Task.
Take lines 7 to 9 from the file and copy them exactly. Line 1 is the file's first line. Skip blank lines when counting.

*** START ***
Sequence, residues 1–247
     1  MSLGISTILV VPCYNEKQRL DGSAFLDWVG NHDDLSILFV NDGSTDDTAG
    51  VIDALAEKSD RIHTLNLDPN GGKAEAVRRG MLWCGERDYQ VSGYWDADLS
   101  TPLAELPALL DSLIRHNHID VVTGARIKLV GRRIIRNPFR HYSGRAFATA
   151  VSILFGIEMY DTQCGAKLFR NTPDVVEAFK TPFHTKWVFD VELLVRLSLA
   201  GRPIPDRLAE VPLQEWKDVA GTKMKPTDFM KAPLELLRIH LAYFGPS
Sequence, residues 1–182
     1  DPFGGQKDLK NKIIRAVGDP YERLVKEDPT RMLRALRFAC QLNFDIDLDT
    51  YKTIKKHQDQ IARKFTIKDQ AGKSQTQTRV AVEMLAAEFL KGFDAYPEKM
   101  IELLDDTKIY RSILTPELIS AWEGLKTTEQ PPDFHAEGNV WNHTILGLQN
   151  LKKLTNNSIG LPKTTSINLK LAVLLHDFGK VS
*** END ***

Sequence, residues 1–182
     1  DPFGGQKDLK NKIIRAVGDP YERLVKEDPT RMLRALRFAC QLNFDIDLDT
    51  YKTIKKHQDQ IARKFTIKDQ AGKSQTQTRV AVEMLAAEFL KGFDAYPEKM